He field is dying. This is how the farmers and ranchers who, for four days, have been demonstrating throughout Spain with tractor blows, cuts and protests.
They claim that they are living in an extreme situation: that They sell what they harvest at lower prices that the money they use to generate it, that the products that arrive from countries outside the European Union do not meet the requirements that are demanded of them and that bureaucracy what they force them to do consumes hours of work.
They further assert that the outlook is discouraging for future generations and that there are fewer and fewer young people interested in taking over from their farming or ranching parents.
This Friday, fourth day of protestsaccess routes to cities such as Zaragoza, Bilbao, Oviedo or Pamplona were paralyzed by tractor parades and pickets.
Dozens of farmers with their tractors continue in Barcelona and head to the Parliament. Photo: EFE
In Castilla La Mancha, on the A3 highway, Every half hour they let cars pass for five minutes. In Bajadoz, walled by more than 500 tractors, free movement was released every hour and a half.
According to the Spanish Confederation of Freight Transport (CETM), rural protests that delay or prevent the distribution of goods by land are generating a loss of 35 million euros per day.
Siege of Madrid
It is scheduled for this Saturday the total collapse of income to Madrid and a massive concentration.
They also threaten to block Valladolid, the city that this Saturday will dress up to celebrate the Goya Awards, the most important distinctions in Spanish cinema awarded by the Spanish Academy of Cinematographic Arts and Sciences.
Farmers move Civil Guard cars to access Pamplona. Photo: EFE
Farmers and ranchers oppose, among other measures, the European Union moving forward with the agreement with Mercosur, which would imply, in the eyes of Spanish producers, the entry of products made with less strict criteria than those established by European regulations. demands.
They also criticizethe Common Agricultural Policy (CAP), that European plan to guarantee food security that includes aid to farmers and ranchers but who remain entangled in the cobwebs of bureaucracy.
Camp on Barcelona's Gran Vía
On Wednesday, farmers had collapsed in Barcelona, where some two thousand tractors parked on the Gran Vía de las Cortes Catalanas and on the Diagonal and camped on the asphalt with improvised grills. “We will not leave until the authorities receive us,” they demanded.
They managed to cross the bars of the Catalan Parliament on a tractor and be received by the president of the Catalan Congress, Anna Erra, who promised them an extraordinary debate on the proposal of the agricultural and livestock sector.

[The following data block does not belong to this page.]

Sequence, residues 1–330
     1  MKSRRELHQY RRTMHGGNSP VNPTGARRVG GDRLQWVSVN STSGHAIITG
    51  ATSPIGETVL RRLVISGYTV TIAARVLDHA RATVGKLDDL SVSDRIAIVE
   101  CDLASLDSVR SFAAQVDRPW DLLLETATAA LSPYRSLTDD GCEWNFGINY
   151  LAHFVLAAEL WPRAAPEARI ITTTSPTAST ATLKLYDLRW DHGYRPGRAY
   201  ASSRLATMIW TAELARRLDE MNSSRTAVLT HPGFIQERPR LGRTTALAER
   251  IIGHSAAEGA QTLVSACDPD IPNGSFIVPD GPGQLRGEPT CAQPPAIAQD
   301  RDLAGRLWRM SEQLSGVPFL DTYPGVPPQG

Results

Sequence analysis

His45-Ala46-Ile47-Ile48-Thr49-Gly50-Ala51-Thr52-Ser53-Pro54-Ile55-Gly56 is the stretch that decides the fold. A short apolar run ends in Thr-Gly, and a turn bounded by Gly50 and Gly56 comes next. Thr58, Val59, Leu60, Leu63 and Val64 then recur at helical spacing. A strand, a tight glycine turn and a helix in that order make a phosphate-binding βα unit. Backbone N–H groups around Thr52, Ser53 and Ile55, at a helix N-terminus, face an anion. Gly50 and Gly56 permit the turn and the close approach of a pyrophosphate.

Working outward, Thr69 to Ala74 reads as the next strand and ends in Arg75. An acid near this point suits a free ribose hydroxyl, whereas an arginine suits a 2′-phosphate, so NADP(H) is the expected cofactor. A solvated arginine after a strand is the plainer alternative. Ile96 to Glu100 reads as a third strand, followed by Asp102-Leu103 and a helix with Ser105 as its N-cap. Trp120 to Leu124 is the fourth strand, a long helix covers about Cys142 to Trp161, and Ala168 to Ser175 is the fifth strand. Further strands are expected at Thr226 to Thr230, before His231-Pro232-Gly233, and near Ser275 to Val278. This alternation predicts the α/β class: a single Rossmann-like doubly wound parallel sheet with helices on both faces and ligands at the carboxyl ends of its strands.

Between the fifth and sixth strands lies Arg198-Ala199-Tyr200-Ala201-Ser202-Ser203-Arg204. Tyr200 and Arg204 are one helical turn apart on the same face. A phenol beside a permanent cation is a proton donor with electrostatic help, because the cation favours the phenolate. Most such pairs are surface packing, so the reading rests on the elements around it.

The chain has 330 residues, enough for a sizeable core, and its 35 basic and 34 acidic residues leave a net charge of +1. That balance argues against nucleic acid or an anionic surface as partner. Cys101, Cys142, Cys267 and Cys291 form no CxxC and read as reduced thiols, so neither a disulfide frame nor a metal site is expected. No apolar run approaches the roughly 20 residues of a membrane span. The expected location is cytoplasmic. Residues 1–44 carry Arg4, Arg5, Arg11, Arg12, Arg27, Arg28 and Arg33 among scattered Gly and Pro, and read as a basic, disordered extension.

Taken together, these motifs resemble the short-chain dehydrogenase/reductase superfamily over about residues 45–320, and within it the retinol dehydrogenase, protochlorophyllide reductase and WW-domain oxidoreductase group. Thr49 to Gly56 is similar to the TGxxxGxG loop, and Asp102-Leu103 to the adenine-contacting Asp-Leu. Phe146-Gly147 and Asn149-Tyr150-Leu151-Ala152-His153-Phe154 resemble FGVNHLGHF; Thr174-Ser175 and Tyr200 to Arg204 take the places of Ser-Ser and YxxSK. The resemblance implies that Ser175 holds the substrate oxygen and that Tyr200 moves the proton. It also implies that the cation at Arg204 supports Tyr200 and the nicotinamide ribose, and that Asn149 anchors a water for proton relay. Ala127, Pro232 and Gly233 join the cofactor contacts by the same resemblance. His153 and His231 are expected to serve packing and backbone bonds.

According to the Ministry of Agriculture, in Spain there are 914 thousand agricultural and livestock farms whose performance is uneven.
“Last year, the increase in agricultural income in Spain was 11 percent. We were the second country in the European Union in growth, but this macro data hides behind very diverse situations to which these demonstrations respond,” Minister Planas admitted.
“In Spain we are a great agri-food power. In recent months we have exported 70,165 million euros and we have had a favorable trade balance of 14,900 million. In the year 2000 we bought more than we sold abroad,” he noted.
Farmers with their tractors march through the streets of the center of Zaragoza. Photo: EFE
Planas recognized that “a product prohibited for the European producer must also be prohibited for any product that is imported.”
In parallel to the calendar of protests by the sector's organizations – Coordinator of Farmers and Livestock Organizations (COAG), Young Farmers Agrarian Association (ASAJA) and the Union of Small Farmers and Livestock Farmers (UPA) – spontaneous complaints emerged organized through social networks and grouped together in Platform 6F, named after February 6, when the demonstrations gained strength.
Clarion He consulted one of his references, Alejandro, who avoided giving his last name “for security reasons.”
“We are demanding that there be a total elimination of the 2030 Agenda and that the claims of the primary sector, which is what Spain eats, be heard,” he said.
The 2030 Agenda is proposed sustainable global improvements at an economic, social and environmental levelly postulates, for the agricultural sector, from equitable access to land to maintaining genetic diversity in seeds, cultivated plants and farm animals.
“The European Union imposes very restrictive measures against our fields and instead it is facilitating the acquisition of products from outside Europe,” says Alejandro.
Platform 6F called a press conference for Monday in which they will communicate how the rural mobilizations will continue. “It may possibly end in a general strike,” they told Clarín.
They are accused of calling for the mobilizations without the authorization of the regional government delegations.
“It's a lie,” says Alejandro to Clarion-. The Constitution itself provides for the right to assembly and demonstration upon notification. We have notified. “There doesn't have to be authorization.”
In the agrarian protests of recent days throughout Spain, anger and creativity were evident when it came to demonstrating. As happened in Ciudad Real, where a truck spilled 25 thousand liters of residual French wine mixed with pee.
Or in Arnedo, the city in the autonomous community of La Rioja, where farmers bought products from countries outside the European Union at the supermarket, scattered them on the floor and crushed them with their tractors. “Out! Get out!” they shouted.